Three dolphins captured for Shedd Aquarium amid protest



LOS ANGELES (AP)—Wildlife activists on Sunday protested the capture of three Pacific white-sided dolphins off the Southern California coast for a captive-breeding program at a Chicago aquarium.

John G. Shedd Aquarium veterinarians captured one male and two female dolphins on Saturday about 15 miles east of San Nicholas Island, or 70 miles southwest of Los Angeles, said Coast Guard Lt. Casey White.

The Coast Guard cutter Point Divide patrolled nearby as a precaution, White said Sunday. Activists, led by the Earth Island Institute in San Francisco, had threatened to disrupt the planned capture.

On Sunday, about a half-dozen protesters demonstrated at a holding tank where the dolphins were being held on San Diego’s Shelter Island, said Jim Robinett, the aquarium’s curator of marine mammals.

The protesters yelled threats and obscenities at seven museum staff members inside the facility, and some demonstrators walked on the facility’s roof, Robinett said. He said he called San Diego police to disperse the demonstrators.

‘‘We’re concerned not only for the safety or our people but for the safety of our animals,’‘ Robinett said by telephone from the holding area. ‘‘They’re very angry.’‘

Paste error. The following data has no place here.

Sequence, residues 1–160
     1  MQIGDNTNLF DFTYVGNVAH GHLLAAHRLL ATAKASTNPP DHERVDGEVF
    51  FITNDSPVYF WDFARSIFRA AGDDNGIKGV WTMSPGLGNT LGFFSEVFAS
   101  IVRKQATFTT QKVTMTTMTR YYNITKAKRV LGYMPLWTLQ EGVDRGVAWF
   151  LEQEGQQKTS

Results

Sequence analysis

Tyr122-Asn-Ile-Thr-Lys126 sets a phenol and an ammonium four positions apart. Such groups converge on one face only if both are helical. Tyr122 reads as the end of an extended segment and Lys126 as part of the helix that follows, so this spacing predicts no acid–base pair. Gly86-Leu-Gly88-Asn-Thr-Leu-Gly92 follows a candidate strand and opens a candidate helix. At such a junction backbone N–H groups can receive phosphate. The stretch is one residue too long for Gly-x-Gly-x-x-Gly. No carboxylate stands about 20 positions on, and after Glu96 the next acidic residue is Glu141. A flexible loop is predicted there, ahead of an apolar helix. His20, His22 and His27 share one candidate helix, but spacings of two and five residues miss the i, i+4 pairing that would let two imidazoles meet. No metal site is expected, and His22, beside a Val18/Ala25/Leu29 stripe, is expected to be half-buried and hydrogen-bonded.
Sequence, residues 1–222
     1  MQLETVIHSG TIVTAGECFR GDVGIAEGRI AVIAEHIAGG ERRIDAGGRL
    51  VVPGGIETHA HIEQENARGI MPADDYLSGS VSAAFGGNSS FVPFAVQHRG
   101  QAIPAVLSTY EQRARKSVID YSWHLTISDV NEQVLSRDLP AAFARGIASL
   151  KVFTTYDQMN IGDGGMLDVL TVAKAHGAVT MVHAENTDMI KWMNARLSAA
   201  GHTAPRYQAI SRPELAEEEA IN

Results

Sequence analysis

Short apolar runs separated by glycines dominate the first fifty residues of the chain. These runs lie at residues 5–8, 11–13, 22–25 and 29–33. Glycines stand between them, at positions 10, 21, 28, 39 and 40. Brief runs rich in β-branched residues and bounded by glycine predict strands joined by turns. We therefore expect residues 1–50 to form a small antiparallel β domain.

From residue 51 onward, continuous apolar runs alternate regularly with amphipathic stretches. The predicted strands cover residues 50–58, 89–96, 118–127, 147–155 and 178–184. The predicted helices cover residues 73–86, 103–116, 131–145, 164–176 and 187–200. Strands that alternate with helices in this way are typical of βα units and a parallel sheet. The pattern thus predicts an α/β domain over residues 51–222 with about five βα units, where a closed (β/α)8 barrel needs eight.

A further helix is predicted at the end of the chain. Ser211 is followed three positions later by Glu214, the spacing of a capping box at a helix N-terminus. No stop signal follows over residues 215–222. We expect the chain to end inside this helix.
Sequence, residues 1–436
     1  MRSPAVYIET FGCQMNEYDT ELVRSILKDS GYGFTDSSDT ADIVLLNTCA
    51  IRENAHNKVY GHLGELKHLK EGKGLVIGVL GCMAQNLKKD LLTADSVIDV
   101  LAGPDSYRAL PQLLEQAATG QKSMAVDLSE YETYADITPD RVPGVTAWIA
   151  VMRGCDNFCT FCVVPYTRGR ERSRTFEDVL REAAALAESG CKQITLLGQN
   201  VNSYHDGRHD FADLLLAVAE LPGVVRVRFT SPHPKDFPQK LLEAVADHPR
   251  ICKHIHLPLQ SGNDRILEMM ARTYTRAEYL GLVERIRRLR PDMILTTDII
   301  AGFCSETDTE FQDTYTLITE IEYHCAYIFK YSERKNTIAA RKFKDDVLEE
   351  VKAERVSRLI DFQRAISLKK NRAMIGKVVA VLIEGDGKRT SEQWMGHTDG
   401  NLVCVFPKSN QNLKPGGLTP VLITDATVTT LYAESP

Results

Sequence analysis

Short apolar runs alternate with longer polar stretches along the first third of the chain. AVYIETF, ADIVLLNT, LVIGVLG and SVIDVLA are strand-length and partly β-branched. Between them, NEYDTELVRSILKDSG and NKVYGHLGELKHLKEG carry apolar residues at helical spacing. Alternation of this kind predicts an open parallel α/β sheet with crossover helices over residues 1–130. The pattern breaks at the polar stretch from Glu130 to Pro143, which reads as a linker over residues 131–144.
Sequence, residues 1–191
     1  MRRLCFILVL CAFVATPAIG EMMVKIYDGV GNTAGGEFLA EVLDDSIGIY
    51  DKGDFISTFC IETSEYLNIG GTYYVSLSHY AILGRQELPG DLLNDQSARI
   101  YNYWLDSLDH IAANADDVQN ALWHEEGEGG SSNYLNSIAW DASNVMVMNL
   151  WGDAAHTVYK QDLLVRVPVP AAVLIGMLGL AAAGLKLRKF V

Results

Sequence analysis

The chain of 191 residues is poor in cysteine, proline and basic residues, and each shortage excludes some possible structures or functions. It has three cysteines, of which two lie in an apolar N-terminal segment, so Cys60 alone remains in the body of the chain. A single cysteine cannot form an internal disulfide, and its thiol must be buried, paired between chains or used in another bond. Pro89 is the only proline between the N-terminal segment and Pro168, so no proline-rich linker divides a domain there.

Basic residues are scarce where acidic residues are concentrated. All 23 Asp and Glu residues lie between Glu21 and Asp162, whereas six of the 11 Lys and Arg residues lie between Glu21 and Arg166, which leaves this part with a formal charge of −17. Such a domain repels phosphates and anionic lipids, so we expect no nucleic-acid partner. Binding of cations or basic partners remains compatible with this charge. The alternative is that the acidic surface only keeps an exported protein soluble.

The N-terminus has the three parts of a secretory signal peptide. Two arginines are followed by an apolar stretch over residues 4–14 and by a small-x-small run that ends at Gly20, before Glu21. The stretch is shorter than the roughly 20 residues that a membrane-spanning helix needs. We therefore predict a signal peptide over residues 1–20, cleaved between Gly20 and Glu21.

The Earth Island Institute and other activist organizations contend that dolphins and other marine mammals live shorter lives in captivity.

Robinett disputed those claims, suggesting that dolphins may live longer in captivity because of constant attention paid by aquarium staff. The Pacific white-sided dolphin’s longevity is estimated at 20 to 25 years, he said.

No one at the institute was available Sunday to comment, said a man who answered the telephone at institute headquarters.

Aquarium spokeswoman Martha Benaroya said from Chicago the dolphins caught Saturday would be transferred by aircraft to Chicago in two to six months.

There, they will join four Pacific white-sided dolphins at the aquarium’s $43 million, 3 million-gallon saltwater Oceanarium for breeding and an exhibit replicating Pacific Northwest coastal waters, she said.

Last year, animal rights activists called for a moratorium on marine mammal captures when two beluga whales died at the Shedd Aquarium after being treated for parasites.

Robinett said the Pacific white-sided dolphins are common off the California coast and under no threat of extinction. They can be found in deeper waters from Baja California north to Alaska and across the north and central Pacific Ocean, he said.

All told, there are 24 Pacific white-sided dolphins in captivity at several aquariums in the United States and Canada, including San Francisco, Miami and Vancouver, Robinett said. Those captured Saturday may be 8 to 10 years old and will enhance the captive-breeding gene pool, he said.

The National Marine Fisheries Service gave the museum the go-ahead to catch the dolphins after deficiencies at the San Diego facility were corrected last week, Benaroya said. Those included lack of a veterinary services plan and an inadequate food preparation area.

Among the protesters at the holding facility at the Kettenburg boat yard Sunday was a Chicago-area man who demonstrated outside the Shedd Aquarium throughout the summer, Robinett said.